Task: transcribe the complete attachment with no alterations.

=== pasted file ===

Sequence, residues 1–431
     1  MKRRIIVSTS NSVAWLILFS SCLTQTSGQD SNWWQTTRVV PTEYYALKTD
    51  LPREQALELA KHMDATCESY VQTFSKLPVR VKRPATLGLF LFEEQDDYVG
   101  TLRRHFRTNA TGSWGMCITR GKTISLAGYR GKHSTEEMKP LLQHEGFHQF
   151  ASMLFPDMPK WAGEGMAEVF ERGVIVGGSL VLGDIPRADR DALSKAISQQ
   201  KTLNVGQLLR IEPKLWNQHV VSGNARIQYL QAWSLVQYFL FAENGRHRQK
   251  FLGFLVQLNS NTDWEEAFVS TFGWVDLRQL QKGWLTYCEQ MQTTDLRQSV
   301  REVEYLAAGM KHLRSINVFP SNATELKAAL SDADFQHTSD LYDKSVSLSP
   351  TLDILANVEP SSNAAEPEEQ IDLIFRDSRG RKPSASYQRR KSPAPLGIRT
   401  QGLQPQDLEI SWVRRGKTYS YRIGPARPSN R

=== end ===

Sequence, residues 1–431
     1  MKRRIIVSTS NSVAWLILFS SCLTQTSGQD SNWWQTTRVV PTEYYALKTD
    51  LPREQALELA KHMDATCESY VQTFSKLPVR VKRPATLGLF LFEEQDDYVG
   101  TLRRHFRTNA TGSWGMCITR GKTISLAGYR GKHSTEEMKP LLQHEGFHQF
   151  ASMLFPDMPK WAGEGMAEVF ERGVIVGGSL VLGDIPRADR DALSKAISQQ
   201  KTLNVGQLLR IEPKLWNQHV VSGNARIQYL QAWSLVQYFL FAENGRHRQK
   251  FLGFLVQLNS NTDWEEAFVS TFGWVDLRQL QKGWLTYCEQ MQTTDLRQSV
   301  REVEYLAAGM KHLRSINVFP SNATELKAAL SDADFQHTSD LYDKSVSLSP
   351  TLDILANVEP SSNAAEPEEQ IDLIFRDSRG RKPSASYQRR KSPAPLGIRT
   401  QGLQPQDLEI SWVRRGKTYS YRIGPARPSN R